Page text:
Unlike some other primates, this species does not usually swallow larger seeds from fruit. Their cheek pouches allow them to quickly take fruit from a tree, and then they chew fruits one by one and spit out the seeds while keeping the other fruits in their cheek pouches.
Behavior and Lifestyle
Since this species is so widespread, their behaviors and lifestyles vary across their range, from urban to wild environments. However, groups of common long-tailed macaques in different habitats all spend high proportions of their day moving (around 18–30%), feeding (16–24%), and resting (16–20%). They also spend a lot of time engaged in social activities, such as grooming, play, and sexual behaviors, although time spent monitoring humans can decrease the amount of time they spend in social interactions in areas of their habitat that are impacted by humans.
They are primarily arboreal species, spending most of their time in trees, but will also travel on the ground. Their ranges can overlap with other primate species, and they are known to have agonistic encounters with other species, such as silvered leaf monkeys.
Daily Life and Group Dynamics
Common long-tailed macaques live in groups ranging in size from around 20 to over 100 individuals. Groups contain multiple adult males and females, though there are usually more adult females than males. Females remain in their natal groups and the hierarchy is based around matrilines (groups of highly related females). Males migrate into new groups when they reach sexual maturity and then throughout their lives. Younger males tend to migrate with group mates and may attempt to take over a new group at the top of the dominance hierarchy. Older males tend to migrate alone and “unobtrusively” enter the new group at a lower position in the hierarchy.
There are often within-group conflicts, but these macaques also show reconciliation after a conflict. Directly after a conflict, the aggressor or victim will often approach their opponent and display an affiliative behavior, which likely helps to reduce stress and further conflict after a fight.
There are at least ten sub-species of long-tailed macaques.
These monkeys use stone tools to break into oysters and crabs, which may be a cultural behavior.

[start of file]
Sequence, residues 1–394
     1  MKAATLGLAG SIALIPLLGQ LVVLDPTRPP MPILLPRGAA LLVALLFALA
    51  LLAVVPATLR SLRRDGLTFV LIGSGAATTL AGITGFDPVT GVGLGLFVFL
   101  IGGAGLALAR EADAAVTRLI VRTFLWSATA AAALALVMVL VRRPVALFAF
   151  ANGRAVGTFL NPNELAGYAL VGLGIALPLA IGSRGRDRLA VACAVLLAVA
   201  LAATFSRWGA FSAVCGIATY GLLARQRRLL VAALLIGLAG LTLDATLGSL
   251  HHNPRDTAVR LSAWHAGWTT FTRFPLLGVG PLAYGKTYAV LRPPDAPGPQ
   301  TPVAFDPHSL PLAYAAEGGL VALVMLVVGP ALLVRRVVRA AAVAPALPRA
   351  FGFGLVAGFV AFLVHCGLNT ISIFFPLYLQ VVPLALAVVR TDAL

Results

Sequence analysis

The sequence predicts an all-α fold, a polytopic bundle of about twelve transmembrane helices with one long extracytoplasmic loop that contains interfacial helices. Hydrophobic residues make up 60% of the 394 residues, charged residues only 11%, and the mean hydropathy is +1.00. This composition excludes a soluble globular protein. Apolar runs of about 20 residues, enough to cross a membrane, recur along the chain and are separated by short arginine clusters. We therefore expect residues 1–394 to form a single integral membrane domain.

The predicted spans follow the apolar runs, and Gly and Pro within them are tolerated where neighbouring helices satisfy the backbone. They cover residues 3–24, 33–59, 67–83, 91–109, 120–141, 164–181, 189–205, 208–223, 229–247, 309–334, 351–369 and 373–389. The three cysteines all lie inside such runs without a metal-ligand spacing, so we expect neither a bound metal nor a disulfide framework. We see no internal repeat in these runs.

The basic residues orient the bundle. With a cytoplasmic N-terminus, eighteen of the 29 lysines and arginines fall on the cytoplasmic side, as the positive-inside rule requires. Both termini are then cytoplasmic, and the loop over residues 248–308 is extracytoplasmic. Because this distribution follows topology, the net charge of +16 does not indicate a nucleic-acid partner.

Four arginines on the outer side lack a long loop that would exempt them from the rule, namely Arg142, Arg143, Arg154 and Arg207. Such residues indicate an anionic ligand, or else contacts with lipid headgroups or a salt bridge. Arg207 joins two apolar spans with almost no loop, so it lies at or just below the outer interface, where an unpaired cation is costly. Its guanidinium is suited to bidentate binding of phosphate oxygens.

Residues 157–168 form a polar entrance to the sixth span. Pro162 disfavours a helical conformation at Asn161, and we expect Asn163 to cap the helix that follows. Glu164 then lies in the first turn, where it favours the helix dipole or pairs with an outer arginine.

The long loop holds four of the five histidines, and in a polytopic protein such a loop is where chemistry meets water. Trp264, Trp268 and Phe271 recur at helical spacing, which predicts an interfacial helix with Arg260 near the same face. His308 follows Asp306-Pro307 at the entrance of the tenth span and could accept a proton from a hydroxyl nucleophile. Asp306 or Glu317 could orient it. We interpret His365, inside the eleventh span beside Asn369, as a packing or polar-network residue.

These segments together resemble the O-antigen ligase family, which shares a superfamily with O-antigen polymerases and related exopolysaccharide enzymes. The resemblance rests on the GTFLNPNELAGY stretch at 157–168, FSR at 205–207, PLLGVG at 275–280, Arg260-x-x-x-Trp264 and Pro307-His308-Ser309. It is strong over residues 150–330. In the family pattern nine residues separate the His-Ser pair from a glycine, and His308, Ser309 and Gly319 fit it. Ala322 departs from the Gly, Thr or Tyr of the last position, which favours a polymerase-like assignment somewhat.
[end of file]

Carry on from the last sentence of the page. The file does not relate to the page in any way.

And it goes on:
After conflicts between individuals, the victim and aggressor often engage in reconciliation.
Like many other primates, long-tailed macaques communicate using a range of behaviors, such as vocalizations, facial expressions, and gestures. They produce a wide range of vocalizations including barks, grunts, screams, and contact calls, among many others. These are used in a number of contexts including affiliative and agonistic interactions, during copulation, or in response to threats. Facial expressions and gestures such as baring their teeth, lip smacking, or genital presenting are also used in social interactions, often to signal appeasement.
Reproduction and Family
The males at the top of the hierarchy are able to monopolize the females and thus reproduce more than lower-ranking males. They do this in part through “mate guarding,” which involves staying very close to a female and preventing other males from mating with her while she is fertile. Males recognize when a female is fertile through differences in her behavior, such as the female initiating copulation.
After a gestation period of around 163 days, the female will give birth to a single infant. Infanticide by adult males sometimes occurs in this species. This is beneficial to the male because the female becomes fertile again earlier and the male has a chance to reproduce more quickly. Males and females reach sexual maturity at around 4–5 years of age.
Primates often aid in seed dispersal through consuming seeds and then dispersing them via their faeces. However, these macaques do not ingest many seeds, instead spitting them out. Nonetheless, their cheek pouches mean that, although they do not ingest these seeds, they can still carry them some distance from the plant before spitting them out and therefore play a role in seed dispersal.
Conservation Status and Threats